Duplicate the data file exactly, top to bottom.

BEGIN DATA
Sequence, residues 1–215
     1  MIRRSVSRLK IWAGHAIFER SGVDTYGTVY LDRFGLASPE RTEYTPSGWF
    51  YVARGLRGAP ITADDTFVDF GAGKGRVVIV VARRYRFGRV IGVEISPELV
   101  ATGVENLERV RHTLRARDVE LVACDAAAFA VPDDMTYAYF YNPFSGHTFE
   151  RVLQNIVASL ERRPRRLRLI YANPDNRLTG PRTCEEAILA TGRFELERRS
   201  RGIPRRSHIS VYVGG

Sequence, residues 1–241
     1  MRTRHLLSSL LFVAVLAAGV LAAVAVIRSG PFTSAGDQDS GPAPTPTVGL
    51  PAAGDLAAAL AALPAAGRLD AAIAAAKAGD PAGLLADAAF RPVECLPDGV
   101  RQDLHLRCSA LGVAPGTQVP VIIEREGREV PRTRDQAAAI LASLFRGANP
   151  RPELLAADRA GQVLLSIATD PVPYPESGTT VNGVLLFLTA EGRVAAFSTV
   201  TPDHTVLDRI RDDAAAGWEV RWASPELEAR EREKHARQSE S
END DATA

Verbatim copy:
Sequence, residues 1–215
     1  MIRRSVSRLK IWAGHAIFER SGVDTYGTVY LDRFGLASPE RTEYTPSGWF
    51  YVARGLRGAP ITADDTFVDF GAGKGRVVIV VARRYRFGRV IGVEISPELV
   101  ATGVENLERV RHTLRARDVE LVACDAAAFA VPDDMTYAYF YNPFSGHTFE
   151  RVLQNIVASL ERRPRRLRLI YANPDNRLTG PRTCEEAILA TGRFELERRS
   201  RGIPRRSHIS VYVGG

Sequence, residues 1–241
     1  MRTRHLLSSL LFVAVLAAGV LAAVAVIRSG PFTSAGDQDS GPAPTPTVGL
    51  PAAGDLAAAL AALPAAGRLD AAIAAAKAGD PAGLLADAAF RPVECLPDGV
   101  RQDLHLRCSA LGVAPGTQVP VIIEREGREV PRTRDQAAAI LASLFRGANP
   151  RPELLAADRA GQVLLSIATD PVPYPESGTT VNGVLLFLTA EGRVAAFSTV
   201  TPDHTVLDRI RDDAAAGWEV RWASPELEAR EREKHARQSE S